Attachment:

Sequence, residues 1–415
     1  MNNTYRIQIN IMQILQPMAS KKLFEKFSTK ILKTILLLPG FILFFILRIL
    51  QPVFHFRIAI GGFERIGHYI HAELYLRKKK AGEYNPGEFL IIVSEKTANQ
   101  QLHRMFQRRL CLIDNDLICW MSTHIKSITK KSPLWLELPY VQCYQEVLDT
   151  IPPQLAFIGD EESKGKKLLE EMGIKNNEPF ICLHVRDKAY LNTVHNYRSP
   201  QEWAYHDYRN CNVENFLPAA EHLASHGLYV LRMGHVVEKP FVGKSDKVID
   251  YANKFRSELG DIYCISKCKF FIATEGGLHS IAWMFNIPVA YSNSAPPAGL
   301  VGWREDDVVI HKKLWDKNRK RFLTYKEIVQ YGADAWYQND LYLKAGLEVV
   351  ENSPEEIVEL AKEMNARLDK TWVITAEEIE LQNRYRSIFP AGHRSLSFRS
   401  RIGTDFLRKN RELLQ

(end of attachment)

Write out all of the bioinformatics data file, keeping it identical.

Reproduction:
Sequence, residues 1–415
     1  MNNTYRIQIN IMQILQPMAS KKLFEKFSTK ILKTILLLPG FILFFILRIL
    51  QPVFHFRIAI GGFERIGHYI HAELYLRKKK AGEYNPGEFL IIVSEKTANQ
   101  QLHRMFQRRL CLIDNDLICW MSTHIKSITK KSPLWLELPY VQCYQEVLDT
   151  IPPQLAFIGD EESKGKKLLE EMGIKNNEPF ICLHVRDKAY LNTVHNYRSP
   201  QEWAYHDYRN CNVENFLPAA EHLASHGLYV LRMGHVVEKP FVGKSDKVID
   251  YANKFRSELG DIYCISKCKF FIATEGGLHS IAWMFNIPVA YSNSAPPAGL
   301  VGWREDDVVI HKKLWDKNRK RFLTYKEIVQ YGADAWYQND LYLKAGLEVV
   351  ENSPEEIVEL AKEMNARLDK TWVITAEEIE LQNRYRSIFP AGHRSLSFRS
   401  RIGTDFLRKN RELLQ